Offering. Photograph: Lee Caligiuri

Buddhism originated in India in the fifth century BCE and spread to many lands. Buddha, born around 563 BCE, spent most of his 80 years traveling throughout north India preaching the way to salvation by reaching Nirvana and the cessation of rebirths.

Buddhism is divided into several branches or traditions. The Mahayana tradition, based on Sanskrit texts, spread into China, Korea, Vietnam, and Japan. The Buddhism of Tibet, Nepal, and Mongolia is also known as Vajrayana.

Theravada Buddhism, “the way of the elders”, is the form of Buddhism found in Sri Lanka, Burma, Thailand, Laos, and Cambodia. Buddhism has also spread to Europe, Australia, and North America.

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Buddhism & food

There are no set dietary laws in Buddhism and Buddhist dietary practice varies enormously between traditions, but all schools of Buddhism have rituals involving food – offering food, receiving food, eating food.

Food is received with gratitude and reverence. But it is considered important not to be greedy about food.

Offering food is one of the oldest Buddhist rituals. The first monks begged for their food and in countries such as Thailand, monks still rely on alms for most of their food. Giving alms is not seen as charity but as a spiritual connection between laypeople and monasteries.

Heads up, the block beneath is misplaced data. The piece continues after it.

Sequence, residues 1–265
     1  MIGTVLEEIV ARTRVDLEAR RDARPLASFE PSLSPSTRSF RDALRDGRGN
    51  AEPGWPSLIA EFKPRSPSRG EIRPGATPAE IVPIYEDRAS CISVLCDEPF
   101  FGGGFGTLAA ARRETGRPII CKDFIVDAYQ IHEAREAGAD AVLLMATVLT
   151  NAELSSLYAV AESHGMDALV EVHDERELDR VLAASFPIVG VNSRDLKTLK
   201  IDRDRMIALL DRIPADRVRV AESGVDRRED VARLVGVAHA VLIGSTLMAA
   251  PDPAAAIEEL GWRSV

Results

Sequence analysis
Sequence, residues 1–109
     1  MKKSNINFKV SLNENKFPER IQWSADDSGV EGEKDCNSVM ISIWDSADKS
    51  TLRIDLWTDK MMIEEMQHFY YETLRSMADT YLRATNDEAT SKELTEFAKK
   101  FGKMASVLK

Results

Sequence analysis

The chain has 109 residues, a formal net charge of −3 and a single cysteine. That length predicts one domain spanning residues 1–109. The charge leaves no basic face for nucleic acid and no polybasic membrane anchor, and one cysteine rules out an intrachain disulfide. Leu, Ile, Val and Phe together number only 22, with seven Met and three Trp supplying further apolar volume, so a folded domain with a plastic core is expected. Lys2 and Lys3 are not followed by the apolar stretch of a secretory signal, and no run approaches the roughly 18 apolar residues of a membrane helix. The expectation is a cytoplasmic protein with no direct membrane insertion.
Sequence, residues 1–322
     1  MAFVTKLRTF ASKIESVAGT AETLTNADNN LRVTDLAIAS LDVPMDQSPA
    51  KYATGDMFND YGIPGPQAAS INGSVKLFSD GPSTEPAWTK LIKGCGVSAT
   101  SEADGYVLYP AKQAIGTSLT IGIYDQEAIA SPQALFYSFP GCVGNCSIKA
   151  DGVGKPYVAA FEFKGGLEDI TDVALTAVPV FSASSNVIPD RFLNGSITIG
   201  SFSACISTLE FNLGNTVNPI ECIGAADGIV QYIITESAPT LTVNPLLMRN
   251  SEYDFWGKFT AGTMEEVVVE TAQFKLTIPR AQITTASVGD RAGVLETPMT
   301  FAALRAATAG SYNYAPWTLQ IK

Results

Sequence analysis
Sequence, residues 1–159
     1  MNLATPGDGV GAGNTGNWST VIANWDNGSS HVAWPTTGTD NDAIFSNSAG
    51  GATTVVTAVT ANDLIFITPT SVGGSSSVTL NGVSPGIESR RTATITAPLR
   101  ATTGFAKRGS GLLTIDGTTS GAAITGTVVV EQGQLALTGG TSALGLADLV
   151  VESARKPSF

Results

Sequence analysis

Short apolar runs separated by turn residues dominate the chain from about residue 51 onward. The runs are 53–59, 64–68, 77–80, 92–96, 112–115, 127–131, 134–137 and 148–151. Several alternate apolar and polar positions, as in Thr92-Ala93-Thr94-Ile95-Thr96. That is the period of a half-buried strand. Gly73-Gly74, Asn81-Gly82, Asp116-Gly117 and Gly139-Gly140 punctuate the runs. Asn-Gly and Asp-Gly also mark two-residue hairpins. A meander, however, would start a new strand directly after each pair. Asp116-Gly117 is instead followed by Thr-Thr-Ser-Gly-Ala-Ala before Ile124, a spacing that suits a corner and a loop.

Monks are expected to show moderation and self-control in eating, as well as in other aspects of life. Most Theravada monks eat only once or twice a day, in the early morning and just before noon, for example.

Meat and fish are not eaten by many people in the Theravada and Mahayana schools of Buddhism. Some believers in both Theravada and Mahayana are vegans, and some do not eat onion, garlic or leek, referring to these as the ‘five pungent spices’.

Fasting is usually practised as a means of freeing the mind. Buddhist monks eat no solid food after noon any day and fast completely on days of new and full moon each month.

Ceremonial food offerings are a common practice in Buddhism.

Buddhist food chants

First, let us reflect on our own work and the effort of those who brought us this food.
Second, let us be aware of the quality of our deeds as we receive this meal.
Third, what is most essential is the practice of mindfulness, which helps us to transcend greed, anger and delusion.
Fourth, we appreciate this food which sustains the good health of our body and mind.
Fifth, in order to continue our practice for all beings we accept this offering
–  The Five Reflections, from the Zen tradition

A Theravada food chant

Wisely reflecting, I use this food not for fun, not for pleasure, not for fattening, not for beautification, but only for the maintenance and nourishment of this body, for keeping it healthy, for helping with the Spiritual Life;
Thinking thus, I will allay hunger without overeating, so that I may continue to live blamelessly and at ease.

A Buddhist blessing for food

This food is the gift of the whole universe,
Each morsel is a sacrifice of life,
May I be worthy to receive it.
May the energy in this food,
Give me the strength,
To transform my unwholesome qualities
into wholesome ones.

I am grateful for this food,
May I realise the Path of Awakening,
For the sake of all beings.
Namo Amida Buddha.

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